Originally known as the Freestream T1, the Caparo T1 was arguably closer to a Formula One racer than any supercar made to date. It was developed by a team of former McLaren engineers, with a narrow body, outboard wheels, a central cockpit, a curb weight of around 1,000 pounds, nearly twice that much in downforce, and a high-revving 3.5-liter V8 engine. It was a little too close to an F1 car, however, and proved too high-strung and prone to mechanical glitches – ones that might ordinarily be fixed on an F1 racer by the pit crew, but are not so easily excused on a road car.
Caparo Vehicle Technologies is just one part of a larger empire with interests in numerous fields. Caparo is principally a steel company, with additional interests in hospitality, finance, and other industries. That company has fallen on hard times recently, forced to lay off hundreds of employees while undergoing bankruptcy administration. Faced with those difficulties, the company's chief executive Angad Paul plummeted from his penthouse apartment in London on Monday and was pronounced dead at the scene. He was 45 years old.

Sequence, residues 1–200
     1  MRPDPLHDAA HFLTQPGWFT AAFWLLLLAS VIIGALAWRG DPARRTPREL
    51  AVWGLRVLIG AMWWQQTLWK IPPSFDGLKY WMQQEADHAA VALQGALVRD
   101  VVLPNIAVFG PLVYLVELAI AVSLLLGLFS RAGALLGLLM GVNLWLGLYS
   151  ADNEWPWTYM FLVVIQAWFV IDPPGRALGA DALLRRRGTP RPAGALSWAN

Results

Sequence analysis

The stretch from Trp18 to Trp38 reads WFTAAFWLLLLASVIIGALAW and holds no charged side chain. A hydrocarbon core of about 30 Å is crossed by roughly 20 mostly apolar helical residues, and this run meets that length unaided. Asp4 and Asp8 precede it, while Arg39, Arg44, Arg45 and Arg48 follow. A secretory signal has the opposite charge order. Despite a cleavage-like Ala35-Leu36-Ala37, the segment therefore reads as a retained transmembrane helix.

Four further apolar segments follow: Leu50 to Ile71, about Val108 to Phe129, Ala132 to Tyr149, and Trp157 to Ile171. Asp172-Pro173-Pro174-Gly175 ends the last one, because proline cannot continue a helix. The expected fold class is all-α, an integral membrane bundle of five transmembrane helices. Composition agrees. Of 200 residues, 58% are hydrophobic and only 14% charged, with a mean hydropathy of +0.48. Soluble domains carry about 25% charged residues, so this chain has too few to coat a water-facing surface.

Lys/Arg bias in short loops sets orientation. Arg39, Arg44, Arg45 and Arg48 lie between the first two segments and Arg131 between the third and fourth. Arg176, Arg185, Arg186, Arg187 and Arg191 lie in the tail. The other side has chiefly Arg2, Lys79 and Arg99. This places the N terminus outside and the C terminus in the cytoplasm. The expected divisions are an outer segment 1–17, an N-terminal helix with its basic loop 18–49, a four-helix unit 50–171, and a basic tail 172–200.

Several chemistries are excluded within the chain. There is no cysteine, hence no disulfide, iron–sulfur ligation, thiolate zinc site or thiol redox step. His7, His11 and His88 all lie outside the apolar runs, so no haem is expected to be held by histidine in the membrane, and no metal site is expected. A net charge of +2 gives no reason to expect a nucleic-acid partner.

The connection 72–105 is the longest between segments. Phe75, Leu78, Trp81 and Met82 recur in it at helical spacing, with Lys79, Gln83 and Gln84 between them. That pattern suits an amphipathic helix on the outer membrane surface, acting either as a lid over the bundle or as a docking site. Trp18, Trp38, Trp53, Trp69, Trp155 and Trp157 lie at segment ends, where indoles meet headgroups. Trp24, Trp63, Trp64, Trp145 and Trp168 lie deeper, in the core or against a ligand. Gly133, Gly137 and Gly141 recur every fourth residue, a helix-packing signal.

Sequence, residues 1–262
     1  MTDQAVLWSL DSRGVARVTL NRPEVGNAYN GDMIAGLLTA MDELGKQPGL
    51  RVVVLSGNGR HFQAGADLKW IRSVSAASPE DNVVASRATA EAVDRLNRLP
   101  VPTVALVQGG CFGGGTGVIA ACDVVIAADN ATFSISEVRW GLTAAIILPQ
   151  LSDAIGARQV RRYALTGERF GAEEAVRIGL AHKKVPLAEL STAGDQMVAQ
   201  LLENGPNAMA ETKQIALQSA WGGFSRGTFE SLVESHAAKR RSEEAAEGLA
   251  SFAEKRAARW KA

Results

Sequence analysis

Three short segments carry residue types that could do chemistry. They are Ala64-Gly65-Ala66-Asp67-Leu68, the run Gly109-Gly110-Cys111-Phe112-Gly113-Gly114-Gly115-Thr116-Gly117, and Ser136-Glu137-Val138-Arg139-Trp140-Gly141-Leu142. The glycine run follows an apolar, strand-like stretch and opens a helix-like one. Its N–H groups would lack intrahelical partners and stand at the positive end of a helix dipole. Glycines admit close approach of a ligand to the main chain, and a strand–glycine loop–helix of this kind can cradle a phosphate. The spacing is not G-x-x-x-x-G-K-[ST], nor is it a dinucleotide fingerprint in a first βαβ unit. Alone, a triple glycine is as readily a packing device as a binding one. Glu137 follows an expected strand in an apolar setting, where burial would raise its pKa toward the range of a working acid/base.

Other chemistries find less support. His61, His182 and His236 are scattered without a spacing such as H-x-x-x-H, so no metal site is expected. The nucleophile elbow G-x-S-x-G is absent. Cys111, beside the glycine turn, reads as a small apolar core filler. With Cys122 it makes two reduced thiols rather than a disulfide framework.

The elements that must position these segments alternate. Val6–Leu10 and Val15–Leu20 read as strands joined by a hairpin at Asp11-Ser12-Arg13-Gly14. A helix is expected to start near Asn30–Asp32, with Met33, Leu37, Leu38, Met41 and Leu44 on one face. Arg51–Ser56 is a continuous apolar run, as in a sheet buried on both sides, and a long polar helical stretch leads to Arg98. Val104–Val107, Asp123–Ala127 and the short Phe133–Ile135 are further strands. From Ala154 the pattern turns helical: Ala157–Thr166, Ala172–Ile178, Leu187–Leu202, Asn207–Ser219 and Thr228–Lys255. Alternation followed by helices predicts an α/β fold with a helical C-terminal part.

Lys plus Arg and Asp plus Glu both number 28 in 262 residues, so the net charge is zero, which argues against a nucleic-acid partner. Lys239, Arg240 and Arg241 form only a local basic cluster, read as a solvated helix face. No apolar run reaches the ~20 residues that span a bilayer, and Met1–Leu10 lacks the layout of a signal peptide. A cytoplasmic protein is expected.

Caparo was founded by Angad's father Lord Swraj Paul in 1968. Angad took over in 1996, and also helped bankroll Guy Ritchie moves like Snatch and Lock, Stock and Two Smoking Barrels. He oversaw the acquisition of the Freestream supercar project in 2006, determined to use it as a showcase for the company's engineering prowess. A plan was announced over a year ago to bring the supercar back in the form of the T1 Evolution, but that was the last we've heard about it. And we fear that, unless another patron buys the operation in Caparo's bankruptcy liquidation, this will likely remain the last we'll ever hear of it.